“Pleiotropic Effects” – Anti-Inflammatory Effects of Statins –
The two studies on this statin drug benefit for cardiac bypass by Curtis and Barakat refer to the anti-inflammatory “pleiotropic effects” of statin drugs. Cardiac bypass is associated with massive release of proinflammatory cytokines and intense systemic inflammatory response.(12) Statin drugs can help with all this inflammation by down regulating Nuclear Factor Kappa Beta (NF-κ B), the master controller of the inflammatory response. So, yes, there is a potential benefit for Statins as anti-inflammatory agents. Statin drugs block the inflammatory cytokine release in the post operative patient, thus reducing mortality from the procedure. Surprising, the authors comment that there was no proven reduction in myocardial infarction post cardiac bypass with statin drug use. This was a disappointment. The reduction in mortality was thought to be due to reduction in systemic inflammatory response. There was another benefit with reduction in episodes of atrial fibrillation. It appears that the benefit of statin drugs in this population is not as cholesterol lowering agents. The benefits are due to anti-inflammatory properties of statins. If so, then one might consider other anti-inflammatory interventions which down regulate NFkB. (12)
U-Shaped Mortality Curve
Left Image: J-Lit Mortality Data Chart courtesy Eddie Vos, Highest mortality (6%) on statins is seen at lowest cholesterol vales of 160 and below. Lowest mortality seen at total cholesterol of 250. Above 250, mortality increases. from Matsuzaki, Masunori, et al. “Large Scale Cohort Study of the Relationship Between Serum Cholesterol Concentration and Coronary Events With Low-Dose Simvastatin Therapy in Japanese Patients With Hypercholesterolemia. Primary Prevention Cohort Study of the Japan Lipid Intervention Trial (J-LIT).” Circulation journal 66.12 (2002): 1087-1095. J_Lit_Circ_2002_MABUCHI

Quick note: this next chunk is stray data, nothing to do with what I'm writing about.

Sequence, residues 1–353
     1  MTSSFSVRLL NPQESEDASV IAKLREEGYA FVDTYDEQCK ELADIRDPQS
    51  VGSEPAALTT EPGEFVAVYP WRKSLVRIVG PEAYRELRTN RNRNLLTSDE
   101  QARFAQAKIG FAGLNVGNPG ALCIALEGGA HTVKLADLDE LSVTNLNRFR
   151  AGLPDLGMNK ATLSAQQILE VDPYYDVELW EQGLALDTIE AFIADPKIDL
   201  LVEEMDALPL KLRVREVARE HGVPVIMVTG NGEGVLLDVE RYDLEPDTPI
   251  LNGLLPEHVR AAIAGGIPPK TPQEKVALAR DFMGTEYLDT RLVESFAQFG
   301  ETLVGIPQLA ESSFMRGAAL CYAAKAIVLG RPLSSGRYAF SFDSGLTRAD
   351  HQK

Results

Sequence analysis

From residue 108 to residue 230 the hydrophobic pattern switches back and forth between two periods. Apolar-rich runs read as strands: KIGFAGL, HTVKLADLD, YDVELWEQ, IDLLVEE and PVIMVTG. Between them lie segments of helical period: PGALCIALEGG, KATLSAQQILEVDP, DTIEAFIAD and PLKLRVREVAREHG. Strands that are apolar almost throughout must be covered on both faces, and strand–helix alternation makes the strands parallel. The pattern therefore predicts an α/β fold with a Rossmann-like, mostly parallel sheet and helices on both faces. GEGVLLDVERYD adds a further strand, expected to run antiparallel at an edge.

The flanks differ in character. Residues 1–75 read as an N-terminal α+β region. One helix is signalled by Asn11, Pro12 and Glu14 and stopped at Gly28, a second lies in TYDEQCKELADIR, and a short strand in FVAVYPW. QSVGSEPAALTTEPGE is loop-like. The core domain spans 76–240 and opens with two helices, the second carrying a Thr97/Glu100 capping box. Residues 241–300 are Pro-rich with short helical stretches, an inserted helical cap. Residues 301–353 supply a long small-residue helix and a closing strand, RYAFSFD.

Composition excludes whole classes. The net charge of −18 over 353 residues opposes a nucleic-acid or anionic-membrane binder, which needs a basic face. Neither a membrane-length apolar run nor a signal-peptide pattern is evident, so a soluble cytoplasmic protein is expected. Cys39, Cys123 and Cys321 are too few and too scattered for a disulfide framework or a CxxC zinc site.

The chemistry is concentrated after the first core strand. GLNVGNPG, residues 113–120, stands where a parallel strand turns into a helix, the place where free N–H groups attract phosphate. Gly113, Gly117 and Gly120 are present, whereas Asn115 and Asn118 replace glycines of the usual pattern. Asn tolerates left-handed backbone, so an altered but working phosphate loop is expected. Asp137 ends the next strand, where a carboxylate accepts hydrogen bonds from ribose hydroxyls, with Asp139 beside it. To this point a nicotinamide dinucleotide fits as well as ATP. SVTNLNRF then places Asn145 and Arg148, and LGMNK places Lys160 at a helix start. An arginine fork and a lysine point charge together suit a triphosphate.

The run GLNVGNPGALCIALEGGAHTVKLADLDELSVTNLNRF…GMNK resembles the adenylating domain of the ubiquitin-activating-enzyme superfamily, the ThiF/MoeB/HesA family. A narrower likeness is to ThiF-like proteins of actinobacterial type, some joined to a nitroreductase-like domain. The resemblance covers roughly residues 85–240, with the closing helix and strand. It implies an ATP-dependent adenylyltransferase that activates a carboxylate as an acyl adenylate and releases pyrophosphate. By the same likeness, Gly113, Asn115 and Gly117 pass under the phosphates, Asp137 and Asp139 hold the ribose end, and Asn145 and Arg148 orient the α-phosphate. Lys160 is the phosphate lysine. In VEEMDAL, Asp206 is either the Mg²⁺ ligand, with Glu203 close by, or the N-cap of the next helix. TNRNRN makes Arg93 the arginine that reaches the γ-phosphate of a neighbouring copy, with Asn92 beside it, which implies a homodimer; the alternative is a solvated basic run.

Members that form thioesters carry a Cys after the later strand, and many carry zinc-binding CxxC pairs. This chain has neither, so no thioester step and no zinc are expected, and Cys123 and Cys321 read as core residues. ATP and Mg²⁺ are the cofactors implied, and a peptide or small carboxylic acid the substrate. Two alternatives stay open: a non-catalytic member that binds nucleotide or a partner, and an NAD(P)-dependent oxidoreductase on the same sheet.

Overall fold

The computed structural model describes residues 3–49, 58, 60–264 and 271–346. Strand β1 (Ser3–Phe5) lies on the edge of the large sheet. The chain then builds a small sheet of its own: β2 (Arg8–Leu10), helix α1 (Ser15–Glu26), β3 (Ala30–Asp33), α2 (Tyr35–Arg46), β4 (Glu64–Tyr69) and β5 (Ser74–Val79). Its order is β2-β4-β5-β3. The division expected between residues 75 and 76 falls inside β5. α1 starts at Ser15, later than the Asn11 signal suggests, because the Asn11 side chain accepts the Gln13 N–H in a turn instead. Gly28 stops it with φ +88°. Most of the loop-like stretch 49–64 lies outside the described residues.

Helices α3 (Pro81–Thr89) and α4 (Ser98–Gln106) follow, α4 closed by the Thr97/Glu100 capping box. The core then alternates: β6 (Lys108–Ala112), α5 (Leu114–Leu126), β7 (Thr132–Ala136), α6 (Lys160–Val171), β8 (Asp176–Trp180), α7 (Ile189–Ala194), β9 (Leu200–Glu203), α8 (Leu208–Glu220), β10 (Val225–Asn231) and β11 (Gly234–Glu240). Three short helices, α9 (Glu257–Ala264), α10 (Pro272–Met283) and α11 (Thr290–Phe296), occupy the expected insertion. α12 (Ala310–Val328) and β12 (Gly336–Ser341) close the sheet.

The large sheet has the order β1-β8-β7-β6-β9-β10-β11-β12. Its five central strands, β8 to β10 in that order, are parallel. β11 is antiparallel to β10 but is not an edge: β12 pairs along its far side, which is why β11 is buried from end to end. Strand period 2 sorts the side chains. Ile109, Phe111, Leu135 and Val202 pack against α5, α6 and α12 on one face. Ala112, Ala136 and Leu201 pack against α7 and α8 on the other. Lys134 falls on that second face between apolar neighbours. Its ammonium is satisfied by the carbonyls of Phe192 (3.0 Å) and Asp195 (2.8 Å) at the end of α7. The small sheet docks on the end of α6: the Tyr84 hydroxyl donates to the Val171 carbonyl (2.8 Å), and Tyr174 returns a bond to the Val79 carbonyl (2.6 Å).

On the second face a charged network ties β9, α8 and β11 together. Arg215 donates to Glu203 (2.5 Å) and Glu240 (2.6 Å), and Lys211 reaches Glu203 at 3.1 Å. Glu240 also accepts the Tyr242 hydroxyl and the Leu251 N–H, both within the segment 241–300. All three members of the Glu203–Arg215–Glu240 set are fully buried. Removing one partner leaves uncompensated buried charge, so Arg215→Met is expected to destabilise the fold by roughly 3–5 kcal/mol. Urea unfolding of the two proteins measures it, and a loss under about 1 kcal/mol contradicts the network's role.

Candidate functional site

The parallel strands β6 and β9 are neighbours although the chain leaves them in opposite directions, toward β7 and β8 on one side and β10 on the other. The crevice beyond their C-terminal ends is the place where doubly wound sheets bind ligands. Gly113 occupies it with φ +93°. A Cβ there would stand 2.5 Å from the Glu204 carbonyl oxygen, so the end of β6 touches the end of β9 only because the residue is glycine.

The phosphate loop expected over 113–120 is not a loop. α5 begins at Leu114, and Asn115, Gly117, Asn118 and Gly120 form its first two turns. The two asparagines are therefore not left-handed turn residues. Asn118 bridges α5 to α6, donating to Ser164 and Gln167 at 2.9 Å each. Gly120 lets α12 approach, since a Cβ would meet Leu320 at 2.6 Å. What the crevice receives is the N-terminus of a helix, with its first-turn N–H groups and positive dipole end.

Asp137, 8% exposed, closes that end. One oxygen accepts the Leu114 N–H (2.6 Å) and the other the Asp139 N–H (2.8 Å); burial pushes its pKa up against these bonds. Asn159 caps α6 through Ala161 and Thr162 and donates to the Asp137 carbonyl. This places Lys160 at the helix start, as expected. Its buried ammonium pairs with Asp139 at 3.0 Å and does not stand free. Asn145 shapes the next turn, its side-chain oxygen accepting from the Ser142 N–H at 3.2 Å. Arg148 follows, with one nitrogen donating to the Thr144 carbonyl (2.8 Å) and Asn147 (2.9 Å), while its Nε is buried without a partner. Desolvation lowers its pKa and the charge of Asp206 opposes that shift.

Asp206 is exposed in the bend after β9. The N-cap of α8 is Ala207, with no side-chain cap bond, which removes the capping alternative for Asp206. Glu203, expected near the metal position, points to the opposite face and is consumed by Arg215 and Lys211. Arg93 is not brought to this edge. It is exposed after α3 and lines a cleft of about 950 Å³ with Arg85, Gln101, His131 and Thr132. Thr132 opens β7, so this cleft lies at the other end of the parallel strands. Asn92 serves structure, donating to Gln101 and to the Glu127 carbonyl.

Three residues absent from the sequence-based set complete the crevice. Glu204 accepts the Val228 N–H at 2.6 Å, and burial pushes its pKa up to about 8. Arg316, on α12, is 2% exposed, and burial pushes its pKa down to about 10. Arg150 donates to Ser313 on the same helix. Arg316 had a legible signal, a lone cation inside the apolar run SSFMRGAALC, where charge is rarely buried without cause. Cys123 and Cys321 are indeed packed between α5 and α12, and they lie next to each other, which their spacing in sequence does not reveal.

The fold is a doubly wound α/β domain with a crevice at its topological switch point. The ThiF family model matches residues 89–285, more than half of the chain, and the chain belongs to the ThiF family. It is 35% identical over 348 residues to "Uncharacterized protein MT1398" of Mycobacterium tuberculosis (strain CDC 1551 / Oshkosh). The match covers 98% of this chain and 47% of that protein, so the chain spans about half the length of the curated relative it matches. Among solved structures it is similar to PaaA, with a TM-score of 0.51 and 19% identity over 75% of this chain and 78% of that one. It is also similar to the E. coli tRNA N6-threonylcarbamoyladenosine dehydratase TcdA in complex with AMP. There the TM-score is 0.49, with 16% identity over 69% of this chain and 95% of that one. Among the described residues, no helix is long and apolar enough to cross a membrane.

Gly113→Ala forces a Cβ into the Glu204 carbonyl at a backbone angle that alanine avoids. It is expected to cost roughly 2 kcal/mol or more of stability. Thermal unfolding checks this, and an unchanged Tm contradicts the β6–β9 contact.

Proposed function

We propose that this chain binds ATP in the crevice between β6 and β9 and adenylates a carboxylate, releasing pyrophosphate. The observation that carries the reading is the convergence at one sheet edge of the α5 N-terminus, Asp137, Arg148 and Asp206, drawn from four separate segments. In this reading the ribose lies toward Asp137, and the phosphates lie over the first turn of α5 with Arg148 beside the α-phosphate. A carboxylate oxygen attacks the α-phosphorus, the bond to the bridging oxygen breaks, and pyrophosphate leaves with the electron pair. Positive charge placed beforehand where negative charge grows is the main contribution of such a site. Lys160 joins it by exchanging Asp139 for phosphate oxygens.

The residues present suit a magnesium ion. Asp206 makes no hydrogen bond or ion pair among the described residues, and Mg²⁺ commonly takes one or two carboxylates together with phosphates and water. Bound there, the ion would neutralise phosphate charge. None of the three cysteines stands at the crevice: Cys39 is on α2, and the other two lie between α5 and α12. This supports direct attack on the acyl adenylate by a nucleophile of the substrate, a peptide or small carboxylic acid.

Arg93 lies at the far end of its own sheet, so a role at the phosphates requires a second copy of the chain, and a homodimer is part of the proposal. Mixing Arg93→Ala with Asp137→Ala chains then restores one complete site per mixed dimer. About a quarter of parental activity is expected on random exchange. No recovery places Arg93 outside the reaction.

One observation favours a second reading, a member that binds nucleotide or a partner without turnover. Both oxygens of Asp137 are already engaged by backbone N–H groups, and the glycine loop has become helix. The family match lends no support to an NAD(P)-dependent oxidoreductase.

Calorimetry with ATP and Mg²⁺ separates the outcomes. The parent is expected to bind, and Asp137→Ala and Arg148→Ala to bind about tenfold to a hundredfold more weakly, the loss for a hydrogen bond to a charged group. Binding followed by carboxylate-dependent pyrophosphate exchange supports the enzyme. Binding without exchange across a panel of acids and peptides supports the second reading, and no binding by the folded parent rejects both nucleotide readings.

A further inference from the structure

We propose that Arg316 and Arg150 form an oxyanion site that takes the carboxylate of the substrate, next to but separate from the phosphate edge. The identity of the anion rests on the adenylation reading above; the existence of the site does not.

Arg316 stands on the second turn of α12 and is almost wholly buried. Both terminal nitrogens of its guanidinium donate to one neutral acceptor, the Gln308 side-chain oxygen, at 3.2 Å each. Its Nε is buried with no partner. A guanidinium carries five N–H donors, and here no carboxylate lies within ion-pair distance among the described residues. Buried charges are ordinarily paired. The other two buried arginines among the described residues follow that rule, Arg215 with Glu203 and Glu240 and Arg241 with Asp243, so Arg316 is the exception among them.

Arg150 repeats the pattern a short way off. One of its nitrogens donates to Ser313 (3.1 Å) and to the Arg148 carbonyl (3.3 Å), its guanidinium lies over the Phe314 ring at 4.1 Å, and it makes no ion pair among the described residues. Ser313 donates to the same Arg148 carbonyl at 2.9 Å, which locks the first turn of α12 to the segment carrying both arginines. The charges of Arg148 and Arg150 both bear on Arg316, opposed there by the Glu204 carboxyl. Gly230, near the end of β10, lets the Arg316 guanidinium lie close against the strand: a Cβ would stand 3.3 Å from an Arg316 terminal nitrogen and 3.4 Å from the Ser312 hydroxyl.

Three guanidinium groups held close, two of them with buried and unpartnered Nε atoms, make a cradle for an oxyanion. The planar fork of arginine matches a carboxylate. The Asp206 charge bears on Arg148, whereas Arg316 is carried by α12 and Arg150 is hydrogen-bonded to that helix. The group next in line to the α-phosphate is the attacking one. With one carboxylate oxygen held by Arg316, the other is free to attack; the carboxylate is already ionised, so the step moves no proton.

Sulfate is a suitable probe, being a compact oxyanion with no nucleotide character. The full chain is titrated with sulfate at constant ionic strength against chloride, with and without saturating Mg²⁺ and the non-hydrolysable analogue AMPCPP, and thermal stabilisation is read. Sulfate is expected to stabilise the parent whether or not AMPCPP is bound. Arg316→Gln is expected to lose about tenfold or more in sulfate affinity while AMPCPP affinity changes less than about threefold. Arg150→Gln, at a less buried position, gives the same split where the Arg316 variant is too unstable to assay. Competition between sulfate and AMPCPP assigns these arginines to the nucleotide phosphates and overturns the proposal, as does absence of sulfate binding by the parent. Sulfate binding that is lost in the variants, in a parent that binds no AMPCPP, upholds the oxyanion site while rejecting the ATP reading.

Eddie Vos Chart Shows No Mortality Benefit in Primary Prevention
The reality is that there is no mortality benefit from lowering cholesterol with statin drugs: Both lines on the mortality chart (left) are superimposed meaning the number of deaths in the statin drug group was identical to the number of deaths in the placebo group. Left chart image: Courtesy of Eddie Vos
Analyzing data from five statin drug studies (4S, WOSCOPS, CARE, TEXCAPS/AFCAPS and LIPID), Peter R Jackson found a 1% increase in mortality after 10 years on statin drugs in people with no pre-existing heart disease (primary prevention) (Br J Clin Pharmacol. 2001 Oct; 52(4): 439–446.).
Another statin denialist is Rita Redberg, MD who bluntly says in JAMA 2012 that healthy men should not take statins. (14) Left image courtesy of Rita redberg, M.D.